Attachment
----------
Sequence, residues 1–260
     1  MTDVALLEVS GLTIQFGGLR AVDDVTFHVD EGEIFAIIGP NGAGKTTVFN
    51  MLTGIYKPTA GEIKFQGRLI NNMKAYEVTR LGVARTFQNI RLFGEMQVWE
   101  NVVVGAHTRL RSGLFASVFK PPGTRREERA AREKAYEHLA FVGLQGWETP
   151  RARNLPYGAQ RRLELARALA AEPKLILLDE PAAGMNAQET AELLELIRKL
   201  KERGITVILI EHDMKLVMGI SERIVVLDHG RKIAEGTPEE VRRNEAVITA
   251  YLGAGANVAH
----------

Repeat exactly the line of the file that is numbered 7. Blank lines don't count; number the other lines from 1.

   251  YLGAGANVAH